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(Released in September: Available for order from DLT http://dltbooks.com)
This is a fuller version of a review that may appear elsewhere.
The first edition of ‘God is Green’, by Rev Prof. Ian Bradley, has lurked in my bookcase since it irked the tutors in my training when I was inspired by the epidemic of ‘Creation Spirituality’ at that time.
That tendency itself perched on twin shoulders of the late twentieth century environmental movements and an interest in the justice and peace dimensions of what might be gleaned from the remnants of a ‘Celtic Church’, with which Ian Bradley is very familiar, and of which he has held differing opinions over time. Our movement includes plenty who bring with them a fond familiarity with all that, and they will welcome what Ian describes as a “short book” from such a stable.
Even back then, Ian Bradley offered one of the sounder, more orthodox - and therefore more deceptively radical - approaches. There is more to be said for bringing the resources of your faith with you into environmental crisis than fumbling around to cobble a new one together from scratch.
Thus, God is Green, if it introduces to a congregation, a study group (discussion points are provided after each chapter) or an online fellowship, something hitherto un-heard of, will be an enrichment, and a reinforcement, and not a threat.
Christianity, despite slings, arrows and much to be apologised for, emerges as the hero of this book. It is heartening to have such allies on board in the struggle to be the Church for these strange and threatening days.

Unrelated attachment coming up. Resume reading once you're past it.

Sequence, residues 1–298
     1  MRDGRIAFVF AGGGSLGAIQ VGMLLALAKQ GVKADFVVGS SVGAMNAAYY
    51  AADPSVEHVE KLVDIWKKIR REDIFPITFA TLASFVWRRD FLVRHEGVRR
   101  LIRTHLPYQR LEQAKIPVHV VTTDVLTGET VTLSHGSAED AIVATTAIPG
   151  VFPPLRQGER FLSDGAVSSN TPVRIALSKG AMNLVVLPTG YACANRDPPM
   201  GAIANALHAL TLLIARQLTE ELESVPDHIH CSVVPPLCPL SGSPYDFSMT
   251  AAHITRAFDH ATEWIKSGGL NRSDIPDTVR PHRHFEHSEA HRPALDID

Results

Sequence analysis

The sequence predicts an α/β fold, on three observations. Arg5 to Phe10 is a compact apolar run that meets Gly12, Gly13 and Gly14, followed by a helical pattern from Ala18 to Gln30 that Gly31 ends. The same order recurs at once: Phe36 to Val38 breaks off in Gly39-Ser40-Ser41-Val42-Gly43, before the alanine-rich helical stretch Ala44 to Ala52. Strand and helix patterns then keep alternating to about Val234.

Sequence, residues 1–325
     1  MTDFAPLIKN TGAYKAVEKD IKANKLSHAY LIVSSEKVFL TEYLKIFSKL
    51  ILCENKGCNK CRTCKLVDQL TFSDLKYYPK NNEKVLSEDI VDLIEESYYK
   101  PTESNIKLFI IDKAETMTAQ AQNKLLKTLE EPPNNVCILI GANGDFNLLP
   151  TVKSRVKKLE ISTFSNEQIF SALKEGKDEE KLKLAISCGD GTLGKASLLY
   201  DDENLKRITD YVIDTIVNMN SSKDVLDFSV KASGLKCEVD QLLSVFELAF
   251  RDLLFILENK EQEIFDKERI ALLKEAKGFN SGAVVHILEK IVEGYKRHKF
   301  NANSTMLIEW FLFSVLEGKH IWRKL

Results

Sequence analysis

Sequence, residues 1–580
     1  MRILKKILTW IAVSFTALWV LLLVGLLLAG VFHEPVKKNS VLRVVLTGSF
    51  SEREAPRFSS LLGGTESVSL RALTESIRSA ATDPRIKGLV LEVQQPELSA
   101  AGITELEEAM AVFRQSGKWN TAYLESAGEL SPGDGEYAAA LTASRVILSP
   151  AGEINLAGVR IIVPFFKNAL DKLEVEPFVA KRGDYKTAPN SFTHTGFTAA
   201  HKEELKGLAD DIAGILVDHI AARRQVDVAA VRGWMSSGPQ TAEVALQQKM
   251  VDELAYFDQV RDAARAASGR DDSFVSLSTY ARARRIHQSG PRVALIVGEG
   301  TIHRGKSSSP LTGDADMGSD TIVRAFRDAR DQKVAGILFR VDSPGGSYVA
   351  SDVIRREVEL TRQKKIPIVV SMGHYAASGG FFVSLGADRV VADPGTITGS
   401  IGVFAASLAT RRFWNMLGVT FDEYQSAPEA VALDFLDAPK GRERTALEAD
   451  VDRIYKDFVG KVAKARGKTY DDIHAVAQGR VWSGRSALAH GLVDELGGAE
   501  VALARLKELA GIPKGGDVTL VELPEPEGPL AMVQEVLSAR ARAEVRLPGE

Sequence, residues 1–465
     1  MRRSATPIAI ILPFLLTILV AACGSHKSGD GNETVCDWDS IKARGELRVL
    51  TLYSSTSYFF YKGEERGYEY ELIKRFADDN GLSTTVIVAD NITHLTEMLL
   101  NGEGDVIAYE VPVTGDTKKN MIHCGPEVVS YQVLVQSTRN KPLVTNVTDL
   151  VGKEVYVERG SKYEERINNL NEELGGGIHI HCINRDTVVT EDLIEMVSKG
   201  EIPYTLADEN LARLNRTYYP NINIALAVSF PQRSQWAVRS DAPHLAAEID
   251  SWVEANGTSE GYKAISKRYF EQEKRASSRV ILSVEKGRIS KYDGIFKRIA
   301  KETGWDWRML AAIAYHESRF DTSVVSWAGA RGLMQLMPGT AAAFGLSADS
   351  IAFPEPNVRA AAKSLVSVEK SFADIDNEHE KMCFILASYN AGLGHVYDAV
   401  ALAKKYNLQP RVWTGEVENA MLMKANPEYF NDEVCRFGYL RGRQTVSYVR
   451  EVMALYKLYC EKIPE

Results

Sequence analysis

All the more so, on those occasions when someone with rank to pull, but not having woken up to the crisis, says “you can’t say that!”.
Green preaching and worship - which our movement works to make less of an endangered species than Ian suggests it currently might be - involves a fair bit of sticking your neck out, both in congregations and in the public sphere. Although, in common with most academic writers, Ian always finds an external authority to say what he wants to say, the risks and leaps we need to make will seem less foolish and fragile with Ian beside us. He also has the confidence to say “I believe” in some conclusions. However much evidence he may have assembled to make his point, he is honest about the fragility and provsionality of all we proclaim. Though this is insufficient cause to pipe down!
Alongside dignified humility at our self-centred wrong turnings there is also grateful acknowledgement of the positive initiatives of the churches, such as EcoChurch and EcoCongregation.
Some of the quoted exemplars of past narrow-mindedness finally seem all the more crass in 2020, yet we are reminded that these attitudes remain for now, part of the landscape of our churches. There’s some considerable giant-slaying there too: Calvin, Aquinas and Newman lined up with horrendous statements on the dispensability of non-human life, and it might be good to investigate how all three can also, on occasion, be quoted in support of wonder at and appreciation of Creation. This might forestall the widespread phenomenon of ‘blaming Augustine’ for all the church’s ills, without actually having read him.